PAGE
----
Black Canyon

Different Ways to Experience the Black Canyon

Vast and grand with steep cliffs and sheer walls, Black Canyon near Montrose is a rare beauty waiting to be explored. Designated a Colorado national park in 1999, Black Canyon earned its name for the darkness within its depths. Looking below can be shadowy business, but the geological wonder is a stunning playground for outdoorsy folks who wish to explore. Picnic tables are available along the South Rim at Gunnison Point, Pulpit Rock, Sunset View, High Point and along the water’s edge at East Portal — all excellent spots to stop and enjoy an alfresco picnic lunch. The Chasm View outlook, featuring a striking near-vertical plunge, is also a favorite.

Water Sports

It is the Gunnison River that carved Black Canyon’s narrow, deep crack over time Countless river groups spend their free time down in the roaring or trickling Gunnison River, depending upon the locale. Water lovers on the river vary from kayakers and rafters pounding through breathtaking sections of world-class rapids and smooth eddies, to the fly-fishers who wade along the calmer sections and expertly whip their custom flies in an elegant dance over the river’s surface


In the warmer months, world-renowned rock climbers from across the planet descend upon Montrose. The Black Canyon is an international, bucket-list worthy destination for climbers, who refer to the outdoor haven as “The Black.” Since the canyon is known for its dangerous exposure and limited protection, only seasoned, savvy climbers should pursue its brilliant cliff faces. The Black Canyon is extremely deep and narrow and is a full-on adventure climbing area that is only meant for expert climbers.  The deepest section of the canyon, Warner Point, plunges 2,722 feet.  The Painted Wall, at 2,250 feet, is the tallest vertical wall in Colorado.  Peak climbing season is mid-April to mid-June and late August to early November.  There are 145 known Black Canyon climbs.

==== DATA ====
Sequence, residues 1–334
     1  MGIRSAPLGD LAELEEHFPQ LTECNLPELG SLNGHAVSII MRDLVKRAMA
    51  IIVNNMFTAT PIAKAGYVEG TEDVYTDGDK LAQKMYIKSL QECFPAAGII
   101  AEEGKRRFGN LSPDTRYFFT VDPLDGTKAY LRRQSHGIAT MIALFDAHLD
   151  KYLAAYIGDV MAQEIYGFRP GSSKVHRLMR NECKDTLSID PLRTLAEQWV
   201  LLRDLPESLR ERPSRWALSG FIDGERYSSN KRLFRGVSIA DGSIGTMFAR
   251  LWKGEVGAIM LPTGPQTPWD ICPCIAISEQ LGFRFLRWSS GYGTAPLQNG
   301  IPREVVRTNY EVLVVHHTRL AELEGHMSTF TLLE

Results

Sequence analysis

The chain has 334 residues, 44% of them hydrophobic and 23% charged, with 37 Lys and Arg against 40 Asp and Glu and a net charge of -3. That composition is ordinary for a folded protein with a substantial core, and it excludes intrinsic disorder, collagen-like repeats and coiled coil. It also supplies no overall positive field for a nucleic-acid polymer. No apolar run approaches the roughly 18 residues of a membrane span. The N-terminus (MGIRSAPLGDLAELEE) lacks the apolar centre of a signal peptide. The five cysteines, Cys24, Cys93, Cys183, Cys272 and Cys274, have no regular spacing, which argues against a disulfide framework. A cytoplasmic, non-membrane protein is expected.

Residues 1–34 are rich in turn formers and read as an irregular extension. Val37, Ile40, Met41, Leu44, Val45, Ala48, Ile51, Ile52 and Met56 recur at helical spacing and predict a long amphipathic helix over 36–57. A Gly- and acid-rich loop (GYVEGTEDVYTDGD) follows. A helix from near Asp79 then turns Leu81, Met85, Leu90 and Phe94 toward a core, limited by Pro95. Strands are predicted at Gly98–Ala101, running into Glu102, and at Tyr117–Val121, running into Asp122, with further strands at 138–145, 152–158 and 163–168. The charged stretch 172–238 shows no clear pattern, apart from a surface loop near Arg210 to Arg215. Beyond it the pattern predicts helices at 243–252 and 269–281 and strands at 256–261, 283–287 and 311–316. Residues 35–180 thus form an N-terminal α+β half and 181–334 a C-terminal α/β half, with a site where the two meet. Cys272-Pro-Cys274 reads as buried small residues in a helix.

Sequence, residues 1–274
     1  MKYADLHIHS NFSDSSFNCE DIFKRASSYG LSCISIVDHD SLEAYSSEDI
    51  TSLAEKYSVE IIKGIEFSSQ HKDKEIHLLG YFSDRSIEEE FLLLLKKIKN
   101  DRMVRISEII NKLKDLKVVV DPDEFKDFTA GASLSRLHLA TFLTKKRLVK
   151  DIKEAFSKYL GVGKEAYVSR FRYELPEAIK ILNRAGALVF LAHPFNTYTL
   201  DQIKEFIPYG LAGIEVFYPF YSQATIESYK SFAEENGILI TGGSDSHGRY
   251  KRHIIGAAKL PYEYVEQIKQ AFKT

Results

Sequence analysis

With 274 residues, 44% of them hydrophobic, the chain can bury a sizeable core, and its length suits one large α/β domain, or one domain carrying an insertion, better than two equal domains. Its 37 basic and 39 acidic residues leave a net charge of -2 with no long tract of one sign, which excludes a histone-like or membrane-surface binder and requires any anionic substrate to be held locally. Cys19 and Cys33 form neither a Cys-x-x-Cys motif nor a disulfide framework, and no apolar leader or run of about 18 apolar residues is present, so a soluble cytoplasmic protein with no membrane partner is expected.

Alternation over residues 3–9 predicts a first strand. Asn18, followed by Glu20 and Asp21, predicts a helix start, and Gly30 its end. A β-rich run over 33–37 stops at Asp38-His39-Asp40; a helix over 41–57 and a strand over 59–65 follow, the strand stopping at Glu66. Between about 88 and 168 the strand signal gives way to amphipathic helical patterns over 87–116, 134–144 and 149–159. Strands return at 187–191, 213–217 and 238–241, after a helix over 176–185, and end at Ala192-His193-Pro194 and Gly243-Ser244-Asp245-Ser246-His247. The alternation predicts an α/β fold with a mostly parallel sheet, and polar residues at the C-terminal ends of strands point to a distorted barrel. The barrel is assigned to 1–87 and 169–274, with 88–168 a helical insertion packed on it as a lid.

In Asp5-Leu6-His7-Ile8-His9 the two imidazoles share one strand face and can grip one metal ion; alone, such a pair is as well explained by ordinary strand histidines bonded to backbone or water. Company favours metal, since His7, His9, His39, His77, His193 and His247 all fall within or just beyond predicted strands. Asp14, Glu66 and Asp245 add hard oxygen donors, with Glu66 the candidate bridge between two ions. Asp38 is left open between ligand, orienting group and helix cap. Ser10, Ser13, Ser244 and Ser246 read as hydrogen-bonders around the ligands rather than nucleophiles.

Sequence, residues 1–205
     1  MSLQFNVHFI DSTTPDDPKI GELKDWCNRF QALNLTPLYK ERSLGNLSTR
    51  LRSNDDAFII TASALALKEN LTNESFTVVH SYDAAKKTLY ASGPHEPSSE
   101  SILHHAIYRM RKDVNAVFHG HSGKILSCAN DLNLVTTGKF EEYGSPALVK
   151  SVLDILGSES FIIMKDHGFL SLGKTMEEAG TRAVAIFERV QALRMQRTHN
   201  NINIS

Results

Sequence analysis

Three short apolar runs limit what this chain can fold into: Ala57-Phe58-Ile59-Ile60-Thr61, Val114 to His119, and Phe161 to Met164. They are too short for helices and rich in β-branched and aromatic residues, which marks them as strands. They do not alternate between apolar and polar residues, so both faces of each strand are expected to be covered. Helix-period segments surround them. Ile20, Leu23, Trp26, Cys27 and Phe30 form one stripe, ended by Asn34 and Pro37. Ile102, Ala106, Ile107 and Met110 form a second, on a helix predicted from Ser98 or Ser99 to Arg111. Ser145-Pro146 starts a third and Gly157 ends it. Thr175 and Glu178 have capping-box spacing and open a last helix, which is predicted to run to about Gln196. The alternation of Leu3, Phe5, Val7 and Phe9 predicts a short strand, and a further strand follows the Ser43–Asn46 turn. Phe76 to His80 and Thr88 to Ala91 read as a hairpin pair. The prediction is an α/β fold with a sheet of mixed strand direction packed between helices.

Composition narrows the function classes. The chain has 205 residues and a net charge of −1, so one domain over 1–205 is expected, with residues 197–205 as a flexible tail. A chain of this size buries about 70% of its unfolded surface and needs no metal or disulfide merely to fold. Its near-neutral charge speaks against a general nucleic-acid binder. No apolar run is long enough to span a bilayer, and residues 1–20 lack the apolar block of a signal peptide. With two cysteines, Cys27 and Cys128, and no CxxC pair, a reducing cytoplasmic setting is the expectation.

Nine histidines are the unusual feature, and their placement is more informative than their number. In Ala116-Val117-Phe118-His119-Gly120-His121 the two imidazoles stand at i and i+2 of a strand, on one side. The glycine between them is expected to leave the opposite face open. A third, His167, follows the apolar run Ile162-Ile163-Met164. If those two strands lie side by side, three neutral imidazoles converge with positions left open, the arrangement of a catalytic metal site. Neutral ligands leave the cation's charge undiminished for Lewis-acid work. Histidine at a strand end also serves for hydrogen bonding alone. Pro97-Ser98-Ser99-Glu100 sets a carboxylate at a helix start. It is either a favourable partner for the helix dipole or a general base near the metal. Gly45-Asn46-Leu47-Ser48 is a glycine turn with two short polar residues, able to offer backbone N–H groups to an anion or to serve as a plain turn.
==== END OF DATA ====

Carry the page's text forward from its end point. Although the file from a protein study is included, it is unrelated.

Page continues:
Hiking and Trail Running

Experience the canyon by wandering to the many different overlooks to glance below, strolling the short trails along the rim, embarking on half-day hikes or biting off one of the more challenging trails, which are also popular with trail runners. All you might want to bring is hiking poles, a can of bear spray, an appreciation for natural beauty — and a desire for open spaces, fresh air, sunshine and adventure. On the North Rim, many enjoy the North Vista Trail, which skirts the rim of the canyon. It’s an easy hike that winds from vista to vista, giving the visitor repeated doses of splendor. Hermit’s Rest Trail, a more challenging hike that starts on the rim and reaches all the way to the river, is another favorite located just a few miles east on State Highway 92.

Road Biking

Road-biking enthusiasts are taking over the world, and the Black Canyon is on many of their lists. If you haven’t tracked your progress on South Rim Road on Strava (a mobile app for runners and cyclists), then you haven’t experienced road biking in the park. Bikers can take in the views while zooming along or opt for a more leisurely trek along the gently rolling rim route.

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